Last edited 17 Nov 2020

Sheep and Dog Buildings, Tirau


The small town of Tirau, New Zealand, has the unofficial title of ‘Corrugated Capital of the World’.

By the late-1980s, Tirau, which had once been a thriving farming community, was in serious decline. A local businessman Henry Clothier, instigated a revival-of-sorts, by using discarded corrugated iron to create sculptures and structures, with the intention of attracting tourists passing by on the nearby highway.


The first building was the ‘Sheep’, constructed in the 1990s, and used to house a wool and craft store, making it a prime example of mimetic architecture. The building comprises a mixture of ground and first-floor showroom space, with a café and kitchen. The shop-owning family live on the first-floor in the self-sufficient mezzanine level.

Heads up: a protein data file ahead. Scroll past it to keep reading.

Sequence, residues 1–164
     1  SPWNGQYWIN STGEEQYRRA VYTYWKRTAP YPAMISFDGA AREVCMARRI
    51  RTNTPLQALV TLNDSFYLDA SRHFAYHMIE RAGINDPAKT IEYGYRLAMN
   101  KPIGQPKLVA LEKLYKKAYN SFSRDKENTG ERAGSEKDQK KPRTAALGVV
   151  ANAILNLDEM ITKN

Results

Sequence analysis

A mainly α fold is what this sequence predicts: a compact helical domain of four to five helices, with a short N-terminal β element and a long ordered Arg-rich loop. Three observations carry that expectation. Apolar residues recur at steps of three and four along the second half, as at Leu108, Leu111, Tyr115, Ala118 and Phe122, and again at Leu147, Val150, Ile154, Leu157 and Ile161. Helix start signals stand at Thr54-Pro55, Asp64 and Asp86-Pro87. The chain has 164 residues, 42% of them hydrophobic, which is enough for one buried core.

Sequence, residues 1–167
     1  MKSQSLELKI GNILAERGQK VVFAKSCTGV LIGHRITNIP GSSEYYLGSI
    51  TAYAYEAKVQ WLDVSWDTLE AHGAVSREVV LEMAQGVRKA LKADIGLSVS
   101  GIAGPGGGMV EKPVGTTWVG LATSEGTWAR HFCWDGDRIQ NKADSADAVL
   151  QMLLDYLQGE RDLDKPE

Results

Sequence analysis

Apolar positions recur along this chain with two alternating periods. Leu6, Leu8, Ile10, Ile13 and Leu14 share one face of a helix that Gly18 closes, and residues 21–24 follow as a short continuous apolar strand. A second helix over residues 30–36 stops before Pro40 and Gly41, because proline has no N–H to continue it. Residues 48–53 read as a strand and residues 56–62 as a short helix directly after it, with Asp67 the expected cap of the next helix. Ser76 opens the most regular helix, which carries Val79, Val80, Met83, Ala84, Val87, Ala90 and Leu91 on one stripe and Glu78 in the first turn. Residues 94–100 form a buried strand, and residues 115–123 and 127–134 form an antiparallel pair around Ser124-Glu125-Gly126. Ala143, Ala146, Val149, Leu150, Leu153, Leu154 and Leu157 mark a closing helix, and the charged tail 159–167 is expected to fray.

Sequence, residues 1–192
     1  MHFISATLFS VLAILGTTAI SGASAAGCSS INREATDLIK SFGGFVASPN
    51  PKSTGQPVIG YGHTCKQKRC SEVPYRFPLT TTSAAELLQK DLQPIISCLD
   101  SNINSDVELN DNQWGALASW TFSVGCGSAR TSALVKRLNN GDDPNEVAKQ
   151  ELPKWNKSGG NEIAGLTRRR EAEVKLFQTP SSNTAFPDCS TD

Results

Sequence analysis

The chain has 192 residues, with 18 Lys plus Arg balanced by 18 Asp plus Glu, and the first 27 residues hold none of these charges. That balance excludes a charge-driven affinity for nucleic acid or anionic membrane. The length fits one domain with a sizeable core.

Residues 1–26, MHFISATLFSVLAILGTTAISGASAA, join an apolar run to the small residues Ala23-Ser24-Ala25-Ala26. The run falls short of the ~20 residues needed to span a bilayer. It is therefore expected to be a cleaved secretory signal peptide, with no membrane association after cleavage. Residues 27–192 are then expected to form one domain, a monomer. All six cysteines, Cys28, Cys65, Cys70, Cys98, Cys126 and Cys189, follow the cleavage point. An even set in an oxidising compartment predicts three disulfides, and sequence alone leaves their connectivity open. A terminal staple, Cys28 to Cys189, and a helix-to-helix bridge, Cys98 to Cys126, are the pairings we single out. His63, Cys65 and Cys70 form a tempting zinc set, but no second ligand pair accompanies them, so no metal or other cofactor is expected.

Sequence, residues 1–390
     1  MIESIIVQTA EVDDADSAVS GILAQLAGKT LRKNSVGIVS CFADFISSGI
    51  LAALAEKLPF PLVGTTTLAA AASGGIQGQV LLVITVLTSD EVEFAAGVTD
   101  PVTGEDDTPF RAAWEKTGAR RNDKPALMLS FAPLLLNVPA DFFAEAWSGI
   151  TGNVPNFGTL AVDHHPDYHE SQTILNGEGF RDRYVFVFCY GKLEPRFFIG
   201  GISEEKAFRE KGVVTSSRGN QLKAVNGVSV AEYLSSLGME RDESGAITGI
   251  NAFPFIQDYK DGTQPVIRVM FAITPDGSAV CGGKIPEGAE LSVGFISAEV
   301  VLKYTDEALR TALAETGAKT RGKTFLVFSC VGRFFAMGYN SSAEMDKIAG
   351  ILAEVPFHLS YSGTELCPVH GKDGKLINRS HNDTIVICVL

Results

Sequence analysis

The ‘Big Dog’ building was also built in the 1990s to house the visitor information centre, while the ‘Rambuilding adjoins the ‘Sheep’ and was completed in 2016 to increase showroom space and amenities.

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